Description: The notion of ‘foodscapes’ has become increasingly popular in order to capture the complex nature of food environments and food systems at different levels. FoodScape Studies are growing in numbers and represent both descriptive and analytical studies to explore current, desirable and undesirable developments within food systems. Within this framework, critical discourse studies constitute an important element, because they facilitate mapping, analysing and understanding of the often contradictionary, paradoxical and confusing statements and agendas by those wielding power and those in more subordinate, but rebellious positions. The analysis discloses discourses of future food and nutrition policies and strategies, legislation and implementation. The study of a foodscape discourse in its lingual - textual - expressions provides the application of a multidimensional analysis whereby a.o. social, public health nutritional and environmental dimensions can be understood. During the course, it will be possible for participants to develop their analytical skills and achieve a ‘toolbox’ for performing critical food discourse analysis as the outcome of theoretical lectures, training sessions and students’ assignments. The texts that will be used for illustration will reflect food systems within the private as well as public domain.
Course content - optional:
Key lecturer: Norman Fairclough: Critical analysis of food discourses
1. Critical Discourse analysis in health communication. Perspectives on foodscape analysis ( Anders Horsbøl )
2. The scientific discourse of genetically modified crops (Inger Lassen)
3. The Enghave foodscapes – making sense of food adequacy, availability and accessability in the local community. Public and captive foodscapes as discourse: The Ideal and the Real. Methodologyof critical discourse analysis with focus on sustainability and public health nutrition (BEMI)
4. Delimiting nature: Discourses of authentic and functional food with
focus on sustainability. Methodology of critical discourse analysis
with focus on sustainability. (Minna Mikkola)
5. The Moral pluralities of Organic Food. ( Anne Holst Andersen.)
6. The Danish organic public food discourse - between the local and the global (Dorte Ruge).
7. Responsibility vs irresponsibility within food chains: Operational
dilemmas on the market and beyond. Methodology of critical discourse analysis with focus on sustainability. (Minna Mikkola)
8. Hospital Foodscape – design and Discourse, (A. M. Fisker, Tenna Doktor, Tvedebirk).
Purpose of the course:
The purpose of the course is to facilitate students’ theoretical understanding and development of practical analytical skills within the study of foodscape discourses.
In this sense the course is a supplement to courses within e.g. visual, behavioural, nutritional, epidemiological and governance analysis of foodscapes and food systems – and consequently fills out a gap in the current list of PhD. courses.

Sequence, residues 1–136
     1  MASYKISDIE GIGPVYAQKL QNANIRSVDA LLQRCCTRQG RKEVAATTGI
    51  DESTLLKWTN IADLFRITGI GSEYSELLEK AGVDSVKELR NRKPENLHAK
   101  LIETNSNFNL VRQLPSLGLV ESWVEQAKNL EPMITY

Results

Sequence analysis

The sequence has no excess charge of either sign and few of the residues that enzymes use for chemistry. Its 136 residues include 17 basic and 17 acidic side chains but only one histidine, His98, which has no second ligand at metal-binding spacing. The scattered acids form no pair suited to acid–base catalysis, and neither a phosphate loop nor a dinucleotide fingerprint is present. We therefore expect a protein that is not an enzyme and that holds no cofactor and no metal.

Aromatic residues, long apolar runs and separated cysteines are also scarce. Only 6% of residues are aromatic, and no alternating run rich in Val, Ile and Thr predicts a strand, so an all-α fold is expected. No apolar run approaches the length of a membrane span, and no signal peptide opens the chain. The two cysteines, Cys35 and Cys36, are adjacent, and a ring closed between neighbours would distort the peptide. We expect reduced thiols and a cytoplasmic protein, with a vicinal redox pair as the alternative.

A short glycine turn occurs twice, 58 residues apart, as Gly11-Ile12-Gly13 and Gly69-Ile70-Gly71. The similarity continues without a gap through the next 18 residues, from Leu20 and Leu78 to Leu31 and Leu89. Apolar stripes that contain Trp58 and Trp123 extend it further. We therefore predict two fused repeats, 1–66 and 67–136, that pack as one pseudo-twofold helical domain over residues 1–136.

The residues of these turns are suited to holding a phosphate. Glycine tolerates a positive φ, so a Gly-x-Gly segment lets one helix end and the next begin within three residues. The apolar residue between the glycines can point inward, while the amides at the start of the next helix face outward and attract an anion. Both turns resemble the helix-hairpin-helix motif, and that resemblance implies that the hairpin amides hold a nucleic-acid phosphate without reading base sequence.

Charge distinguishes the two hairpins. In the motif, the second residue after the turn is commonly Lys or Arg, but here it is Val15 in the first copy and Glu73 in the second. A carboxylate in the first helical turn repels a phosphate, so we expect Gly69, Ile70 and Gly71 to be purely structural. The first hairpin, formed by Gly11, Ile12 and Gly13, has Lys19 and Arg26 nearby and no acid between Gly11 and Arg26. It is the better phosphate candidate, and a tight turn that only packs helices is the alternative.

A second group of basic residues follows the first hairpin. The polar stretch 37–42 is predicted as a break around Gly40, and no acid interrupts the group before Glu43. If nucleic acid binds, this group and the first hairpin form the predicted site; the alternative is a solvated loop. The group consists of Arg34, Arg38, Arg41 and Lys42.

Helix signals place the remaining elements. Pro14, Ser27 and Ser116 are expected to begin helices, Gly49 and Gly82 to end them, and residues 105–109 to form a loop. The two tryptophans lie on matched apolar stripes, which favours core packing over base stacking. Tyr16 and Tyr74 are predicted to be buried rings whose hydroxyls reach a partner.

In addition, critical discourse analysis is also well suited for mapping the structures of ‘power-games’ according to a problem based learning approach. This provide students with the competence of supporting conclusions and understandings by the actual materialization of ‘meaning’ in texts ‘. An example could be a new organic food legislation and how this generates discourse in statements from stakeholders (lobbying), news in television, speeches by ministers or spin-doctors, adverts and magazines, consumer talk, campaigns, music etc.
The capability of analyzing and understanding of discoursive foodscapes is a necessary competence for students with food related studies within social science and e.g. medicine, health, (bio)technology, communication, agriculture and sustainable development. Therefore the course will apply an interdisciplinary, cross-sectional approach that will attract students from a wide range of scientific disciplines.
There will be a daily combination of lectures, groupwork and students’ presentations. Lectures will be made by experts and experienced academics. Also more practical lectures will be included – bridging theory and practice and including texts from various genres and media (audio, video, written). Adhoc groupwork will be conducted each day in order to increase the academic achievement and facilitate the social climate in the whole group.
Ahead of the course, students will be asked to deliver a description of how discourse is connected to and may benefit their current study. This document will be developed during the course and supplement the presentation of the PhD. students. After the course, each student makes a three pages assignment with an example of critical discourse analysis within their field.
Other: A public lecture by Norman Fairclough will be possible in connection to the course and PhD students will be encouraged to participate and contribute.
See program on page 4.
Program (preliminary order of lecturers).
Lecture Monday 5th Tuesday 6th Wednedsday 7th
1. Anders Horsbøl
2. Inger Lassen Lecture
7. Minna MIkkola
11-12.30 Lecture + exercise
3. Bent E. Mikkelsen Lecture + Exercise
5. Anne Andersen + exercise Lecture + exercise
8. Tenna Doktor, Tvedebirk
12-30-13.00 Lunch Lunch Lunch
4. Minna Mikkola Lecture
6. Dorte Ruge Lecture
14.00-15.00 Phd. presentations and feedback Phd. presentations
and feed back Phd. presentations
15.00-17.00 Reading of course materials Public Lecture by Norman Fairclough Evaluation
Organizer: Bent Egberg Mikkelsen, Professor and Dorte Ruge , PhD. Student
Lecturers: Inger Lassen, Professor and Anders Horsbøl, Associate Professor, Center for Discourse Studies, AAU.
Minna Mikkola, Senior Researcher, Helsinki University, Department of Food, Health and Environment.
Time: 5-7 may, 2014
Place: Aalborg University Copenhagen, Frederikskaj, room Fkj 10B/0.24
Zip code: 2450
City: Copenhagen SV
Number of seats: 18
Deadline: 14 April, 2014
- Teacher: Bent Egberg Mikkelsen